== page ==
Insecure means it's vulnerable to an attack. You don't have to take my word for it. Here's Wikipedia:

    http://en.wikipedia.org/wiki/Denial-of-service_attack#Asymmetry_of_resource_utilization_in_starvation_attacks

    > They why are you using array.sort() to do
    > the sort? The data structure (class) itself
    > should provide the sort (if it is required.).
    > An array is just a simple collection of
    > "simple" types.

    Yes, you can create a unique sort function for each of your data structures.

    Or, you can use one common sort function on many different kinds of data.

    One sort or many. Which is better?

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  14. I wonder if the .net framework uses quicksort vs introsort is that .net framework development had progressed too far for it modified so it could implement it. If they wait a little bit longer it could have generics from the start.

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  15. Wow, blast from the past. Where to begin...

    As a general rule, arrays run like crap compared to the generic collections in .NET. The generic, linq enable collection classes only begin performing less than optimally when you start using the sorting and query methods in particular. Even so the interim collection performance makes up for it.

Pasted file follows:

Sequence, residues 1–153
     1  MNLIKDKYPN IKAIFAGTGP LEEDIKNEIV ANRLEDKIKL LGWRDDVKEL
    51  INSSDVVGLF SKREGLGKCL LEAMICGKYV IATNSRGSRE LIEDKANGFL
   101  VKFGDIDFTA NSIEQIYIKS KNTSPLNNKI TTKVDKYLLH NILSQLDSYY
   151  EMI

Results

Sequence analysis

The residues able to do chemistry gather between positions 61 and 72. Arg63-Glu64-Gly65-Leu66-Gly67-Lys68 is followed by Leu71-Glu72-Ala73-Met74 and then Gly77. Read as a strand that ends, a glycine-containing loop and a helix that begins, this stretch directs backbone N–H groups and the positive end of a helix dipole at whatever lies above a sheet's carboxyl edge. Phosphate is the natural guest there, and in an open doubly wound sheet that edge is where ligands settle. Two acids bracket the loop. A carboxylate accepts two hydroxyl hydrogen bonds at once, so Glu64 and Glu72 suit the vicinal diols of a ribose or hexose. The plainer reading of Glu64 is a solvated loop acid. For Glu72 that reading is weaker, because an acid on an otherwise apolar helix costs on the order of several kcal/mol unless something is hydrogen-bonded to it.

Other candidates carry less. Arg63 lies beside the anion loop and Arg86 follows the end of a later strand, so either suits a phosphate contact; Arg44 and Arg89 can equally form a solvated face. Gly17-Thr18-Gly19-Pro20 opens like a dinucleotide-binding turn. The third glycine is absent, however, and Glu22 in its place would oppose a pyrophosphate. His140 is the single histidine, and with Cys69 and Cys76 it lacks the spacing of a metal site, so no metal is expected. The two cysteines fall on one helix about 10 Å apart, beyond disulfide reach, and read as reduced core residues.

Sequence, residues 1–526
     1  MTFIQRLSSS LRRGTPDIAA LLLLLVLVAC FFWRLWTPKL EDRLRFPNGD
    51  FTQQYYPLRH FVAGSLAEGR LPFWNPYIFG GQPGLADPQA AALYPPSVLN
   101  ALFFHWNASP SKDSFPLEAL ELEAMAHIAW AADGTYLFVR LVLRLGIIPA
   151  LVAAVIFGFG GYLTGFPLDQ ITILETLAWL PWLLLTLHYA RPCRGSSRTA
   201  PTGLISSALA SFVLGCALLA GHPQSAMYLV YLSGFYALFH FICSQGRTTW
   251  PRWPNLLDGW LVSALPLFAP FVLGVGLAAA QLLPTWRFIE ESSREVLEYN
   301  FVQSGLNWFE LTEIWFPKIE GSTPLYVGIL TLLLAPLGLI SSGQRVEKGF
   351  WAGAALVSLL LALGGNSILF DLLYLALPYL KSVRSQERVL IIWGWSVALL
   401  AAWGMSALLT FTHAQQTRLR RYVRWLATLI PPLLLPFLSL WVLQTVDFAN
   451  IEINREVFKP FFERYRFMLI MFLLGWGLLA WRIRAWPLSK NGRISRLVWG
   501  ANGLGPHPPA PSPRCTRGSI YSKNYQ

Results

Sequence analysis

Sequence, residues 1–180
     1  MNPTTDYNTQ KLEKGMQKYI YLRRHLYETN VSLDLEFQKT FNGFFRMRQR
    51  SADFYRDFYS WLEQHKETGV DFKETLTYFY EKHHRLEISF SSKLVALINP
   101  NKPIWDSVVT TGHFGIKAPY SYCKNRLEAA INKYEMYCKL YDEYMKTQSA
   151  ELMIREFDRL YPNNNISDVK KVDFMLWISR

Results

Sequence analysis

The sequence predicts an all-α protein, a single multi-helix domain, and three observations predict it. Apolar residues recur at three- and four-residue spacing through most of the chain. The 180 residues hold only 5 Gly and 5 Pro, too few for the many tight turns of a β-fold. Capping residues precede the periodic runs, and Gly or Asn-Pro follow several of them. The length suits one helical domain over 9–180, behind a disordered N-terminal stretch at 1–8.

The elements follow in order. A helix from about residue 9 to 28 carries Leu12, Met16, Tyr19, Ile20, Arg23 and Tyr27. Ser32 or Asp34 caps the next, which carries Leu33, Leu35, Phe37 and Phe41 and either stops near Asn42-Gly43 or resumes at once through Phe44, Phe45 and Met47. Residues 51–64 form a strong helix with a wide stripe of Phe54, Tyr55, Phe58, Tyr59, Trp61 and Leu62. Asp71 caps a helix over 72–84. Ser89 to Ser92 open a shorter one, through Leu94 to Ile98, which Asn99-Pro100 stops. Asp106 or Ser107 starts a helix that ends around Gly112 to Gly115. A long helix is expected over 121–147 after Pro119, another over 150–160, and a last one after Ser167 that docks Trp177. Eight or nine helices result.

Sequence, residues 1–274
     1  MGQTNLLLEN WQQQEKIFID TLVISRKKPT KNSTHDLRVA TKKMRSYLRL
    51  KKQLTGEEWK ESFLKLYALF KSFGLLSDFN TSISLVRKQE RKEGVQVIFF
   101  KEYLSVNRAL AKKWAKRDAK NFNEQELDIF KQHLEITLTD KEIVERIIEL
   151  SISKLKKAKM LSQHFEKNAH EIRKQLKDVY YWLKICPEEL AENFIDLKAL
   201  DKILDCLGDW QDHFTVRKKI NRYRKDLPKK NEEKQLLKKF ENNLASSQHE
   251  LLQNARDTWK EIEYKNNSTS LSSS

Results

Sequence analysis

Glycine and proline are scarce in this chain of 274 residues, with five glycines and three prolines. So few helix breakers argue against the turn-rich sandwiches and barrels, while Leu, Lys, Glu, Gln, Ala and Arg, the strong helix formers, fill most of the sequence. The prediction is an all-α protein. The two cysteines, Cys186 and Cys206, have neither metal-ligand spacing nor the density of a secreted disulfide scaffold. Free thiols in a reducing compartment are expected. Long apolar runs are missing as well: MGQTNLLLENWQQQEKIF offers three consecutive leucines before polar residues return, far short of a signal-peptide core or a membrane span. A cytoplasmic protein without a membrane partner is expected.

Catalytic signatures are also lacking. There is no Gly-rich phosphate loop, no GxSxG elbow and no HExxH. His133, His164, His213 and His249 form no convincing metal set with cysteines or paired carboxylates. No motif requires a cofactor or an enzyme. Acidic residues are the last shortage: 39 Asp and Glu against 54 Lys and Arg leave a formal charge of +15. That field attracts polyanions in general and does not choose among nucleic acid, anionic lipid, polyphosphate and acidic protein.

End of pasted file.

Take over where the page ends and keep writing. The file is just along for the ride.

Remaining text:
Why do I bring this up? Because javanubs usually come in, bitter that they're having to switch and begin immediately espousing the glory of simple arrays when they see generics, assuming they're the same as java generics. The rule being "if you don't like the platform, the easiest comparisons to assault are its performance or its security." This smells like a permutation on that attack vector, and is an argument I haven't heard brought up since 2007 when it became largely irrelevant.

    So, the simple answer to your original problem: don't use arrays, save when it's absolutely mandated by a core class.

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  16. David its nice artical keep it up

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  17. Mallah Diction,

    > So, the simple answer to your original
    > problem: don't use arrays, save when
    > it's absolutely mandated by a core class.

    Have you tested this?

    If the Sort method on the generic List<> collection can also be provoked into quadratic behavior then it is also insecure and vulnerable to an attack.

    I'll run benchmarks overnight and report what I find tomorrow.

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  18. Thanks, it's nice that you've provided this. I felt like it would be handy if there were also some "standard" Sort overloads, so that this implementation can be easily swapped with existing .NET Sort methods.

    I've added a couple of them, feel free to use them, modify them, no licence attached:

    public static void Sort<T>
        (IList<T> list, int start, int count, Comparison<T> comparison)
    {
        Compare c = (i, j) => comparison(list[(int)i], list[(int)j]);

        Swap s = (i, j) =>
        {
            T tmp = list[(int)i];
            list[(int)i] = list[(int)j];